Hussein’s Story, Greece
“My name is Hussein. Before the war in Syria, I had a normal life, living with my family. I was a university student and had many friends. My country and my life changed radically when the war broke out. I watched relatives and friends leave Syria while I and many others stayed behind, fearing for our lives every day. I didn’t want to leave my country. I heard stories about those who fled and how difficult their journey to Europe was. They didn’t know what to expect in other countries and how people would treat them. These thoughts scared me. I had heard stories about other Syrians who got lost or risked their life at sea on their way to find refuge in Europe. Women, children, and men on an overcrowded unseaworthy boat – on a journey of hope with an unknown destination and uncertain future.
But I knew, I didn’t have a choice. I had to leave and follow the same road. I cannot understand, not even today, how I got myself into this situation. Before leaving, I remember thinking that I might die on a boat on my way to Europe. But I refused to die. I convinced myself that I could make it through and reach Europe safe. Then I made a tattoo on my chest, I wrote ‘I refuse to sink’. I wanted to declare my perseverance and strong will to get through this journey, to be lucky.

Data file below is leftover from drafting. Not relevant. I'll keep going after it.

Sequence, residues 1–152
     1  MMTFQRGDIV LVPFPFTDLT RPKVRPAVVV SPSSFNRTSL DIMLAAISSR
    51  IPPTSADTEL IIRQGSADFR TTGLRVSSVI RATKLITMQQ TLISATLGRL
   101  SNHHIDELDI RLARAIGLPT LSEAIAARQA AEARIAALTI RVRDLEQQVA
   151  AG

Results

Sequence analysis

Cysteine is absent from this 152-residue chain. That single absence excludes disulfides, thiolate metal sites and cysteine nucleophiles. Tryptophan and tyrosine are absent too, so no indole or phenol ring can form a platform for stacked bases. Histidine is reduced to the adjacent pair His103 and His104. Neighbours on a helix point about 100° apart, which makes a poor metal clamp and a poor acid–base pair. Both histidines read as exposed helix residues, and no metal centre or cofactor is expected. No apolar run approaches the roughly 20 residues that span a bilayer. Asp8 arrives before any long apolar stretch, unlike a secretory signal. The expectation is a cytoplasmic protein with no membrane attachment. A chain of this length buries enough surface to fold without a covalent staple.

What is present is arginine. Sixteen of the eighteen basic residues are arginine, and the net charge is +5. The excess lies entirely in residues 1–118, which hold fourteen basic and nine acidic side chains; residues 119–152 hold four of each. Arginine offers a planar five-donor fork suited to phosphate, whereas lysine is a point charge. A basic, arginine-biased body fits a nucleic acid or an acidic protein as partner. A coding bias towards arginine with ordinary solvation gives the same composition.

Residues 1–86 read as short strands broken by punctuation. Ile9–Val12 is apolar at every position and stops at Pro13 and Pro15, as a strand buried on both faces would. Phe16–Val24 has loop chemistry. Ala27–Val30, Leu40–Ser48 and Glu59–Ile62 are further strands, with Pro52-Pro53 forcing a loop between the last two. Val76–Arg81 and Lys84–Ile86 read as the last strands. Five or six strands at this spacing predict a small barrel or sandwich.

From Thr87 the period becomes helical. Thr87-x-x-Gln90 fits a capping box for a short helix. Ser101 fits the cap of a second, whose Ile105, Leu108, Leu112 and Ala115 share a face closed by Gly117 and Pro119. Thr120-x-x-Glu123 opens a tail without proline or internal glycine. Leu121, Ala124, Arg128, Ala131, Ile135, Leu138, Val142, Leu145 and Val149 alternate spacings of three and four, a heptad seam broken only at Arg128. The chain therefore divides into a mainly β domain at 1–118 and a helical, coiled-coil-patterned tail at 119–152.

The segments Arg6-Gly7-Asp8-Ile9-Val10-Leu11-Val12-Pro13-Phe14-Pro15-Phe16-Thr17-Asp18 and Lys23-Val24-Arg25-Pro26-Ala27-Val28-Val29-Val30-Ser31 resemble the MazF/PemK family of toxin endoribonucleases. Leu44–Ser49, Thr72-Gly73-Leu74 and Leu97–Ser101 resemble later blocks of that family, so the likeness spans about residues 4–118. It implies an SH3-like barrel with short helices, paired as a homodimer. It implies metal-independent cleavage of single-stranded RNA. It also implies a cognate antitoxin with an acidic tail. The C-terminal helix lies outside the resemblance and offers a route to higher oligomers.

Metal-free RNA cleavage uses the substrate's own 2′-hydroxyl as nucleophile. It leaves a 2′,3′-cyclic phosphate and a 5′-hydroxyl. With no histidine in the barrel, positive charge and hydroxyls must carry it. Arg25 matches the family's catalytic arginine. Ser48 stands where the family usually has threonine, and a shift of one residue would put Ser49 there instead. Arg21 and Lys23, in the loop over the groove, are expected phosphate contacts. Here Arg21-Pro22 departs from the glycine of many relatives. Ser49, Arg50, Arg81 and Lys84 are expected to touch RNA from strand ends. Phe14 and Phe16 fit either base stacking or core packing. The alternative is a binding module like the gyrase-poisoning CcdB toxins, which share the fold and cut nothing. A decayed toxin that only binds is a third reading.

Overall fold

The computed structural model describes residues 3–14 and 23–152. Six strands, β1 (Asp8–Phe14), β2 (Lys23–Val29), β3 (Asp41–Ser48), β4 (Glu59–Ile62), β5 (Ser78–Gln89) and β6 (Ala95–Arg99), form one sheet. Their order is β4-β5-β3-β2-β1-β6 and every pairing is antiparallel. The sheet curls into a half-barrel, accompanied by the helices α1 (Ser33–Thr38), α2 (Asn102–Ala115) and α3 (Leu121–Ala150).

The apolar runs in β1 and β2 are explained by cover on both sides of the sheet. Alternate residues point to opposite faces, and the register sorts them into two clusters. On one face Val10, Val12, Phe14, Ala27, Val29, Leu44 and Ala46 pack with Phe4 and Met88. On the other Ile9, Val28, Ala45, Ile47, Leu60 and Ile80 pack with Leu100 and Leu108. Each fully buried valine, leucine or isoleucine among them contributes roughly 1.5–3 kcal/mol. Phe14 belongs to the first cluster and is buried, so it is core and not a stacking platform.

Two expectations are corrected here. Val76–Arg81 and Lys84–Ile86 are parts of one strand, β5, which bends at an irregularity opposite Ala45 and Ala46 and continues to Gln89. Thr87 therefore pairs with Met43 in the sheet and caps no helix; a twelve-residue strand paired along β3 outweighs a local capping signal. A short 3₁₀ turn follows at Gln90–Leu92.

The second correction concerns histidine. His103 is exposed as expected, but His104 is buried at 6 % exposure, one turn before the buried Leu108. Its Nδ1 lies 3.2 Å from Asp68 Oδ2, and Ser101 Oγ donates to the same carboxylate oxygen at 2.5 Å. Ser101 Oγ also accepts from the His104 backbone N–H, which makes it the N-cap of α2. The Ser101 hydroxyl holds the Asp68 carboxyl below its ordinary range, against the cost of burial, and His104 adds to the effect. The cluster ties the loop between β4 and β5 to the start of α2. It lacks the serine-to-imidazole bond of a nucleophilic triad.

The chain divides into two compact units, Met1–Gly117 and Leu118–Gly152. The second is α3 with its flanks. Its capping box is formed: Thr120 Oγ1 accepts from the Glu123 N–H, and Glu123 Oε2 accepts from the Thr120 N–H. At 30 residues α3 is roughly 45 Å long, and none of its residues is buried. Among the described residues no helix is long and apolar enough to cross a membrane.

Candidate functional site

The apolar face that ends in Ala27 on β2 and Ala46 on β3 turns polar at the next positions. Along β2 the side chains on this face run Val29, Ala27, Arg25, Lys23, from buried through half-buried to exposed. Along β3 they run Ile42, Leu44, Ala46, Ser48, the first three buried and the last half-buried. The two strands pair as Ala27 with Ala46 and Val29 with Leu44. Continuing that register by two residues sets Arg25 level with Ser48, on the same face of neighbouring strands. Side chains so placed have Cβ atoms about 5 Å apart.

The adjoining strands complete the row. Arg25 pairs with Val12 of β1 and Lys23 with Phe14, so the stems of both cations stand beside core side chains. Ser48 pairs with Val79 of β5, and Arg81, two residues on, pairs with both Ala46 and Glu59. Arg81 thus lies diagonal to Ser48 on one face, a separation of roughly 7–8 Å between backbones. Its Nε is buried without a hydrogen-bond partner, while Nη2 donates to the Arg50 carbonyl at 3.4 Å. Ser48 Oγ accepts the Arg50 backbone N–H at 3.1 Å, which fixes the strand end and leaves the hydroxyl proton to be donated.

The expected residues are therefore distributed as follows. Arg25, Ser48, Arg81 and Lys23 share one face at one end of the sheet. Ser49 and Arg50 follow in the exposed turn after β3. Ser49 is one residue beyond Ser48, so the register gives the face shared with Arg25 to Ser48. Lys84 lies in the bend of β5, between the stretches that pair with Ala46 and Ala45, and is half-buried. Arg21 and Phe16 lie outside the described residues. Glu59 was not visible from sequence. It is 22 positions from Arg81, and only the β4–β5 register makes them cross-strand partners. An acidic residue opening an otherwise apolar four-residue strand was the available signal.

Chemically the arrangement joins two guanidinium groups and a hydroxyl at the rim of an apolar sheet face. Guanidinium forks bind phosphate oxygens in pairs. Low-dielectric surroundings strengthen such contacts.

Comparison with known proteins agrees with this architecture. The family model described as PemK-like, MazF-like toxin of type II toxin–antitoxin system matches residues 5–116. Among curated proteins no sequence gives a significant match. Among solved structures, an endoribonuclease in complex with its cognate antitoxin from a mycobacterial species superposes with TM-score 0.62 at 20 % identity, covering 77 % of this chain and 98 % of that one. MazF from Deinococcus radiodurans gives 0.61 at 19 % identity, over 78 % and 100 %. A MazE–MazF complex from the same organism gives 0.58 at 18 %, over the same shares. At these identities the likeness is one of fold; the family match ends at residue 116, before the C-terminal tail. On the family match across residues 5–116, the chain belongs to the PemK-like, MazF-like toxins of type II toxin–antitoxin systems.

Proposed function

And I made it. Along with twelve other Syrians we reached the island of Kalymnos. Deeply moved, I called my parents back home to tell them that I was all right, that I had crossed the sea and that I am alive and safe. We were welcomed by people on Kalymnos and hosted at the municipal cultural center. Soon, we were released and headed to Piraeus. But then I learned that the same day we managed to survive, some other Syrians perished off Izmir, in their effort to cross the sea to Greece. It was 16 April 2014. I lived; they died.”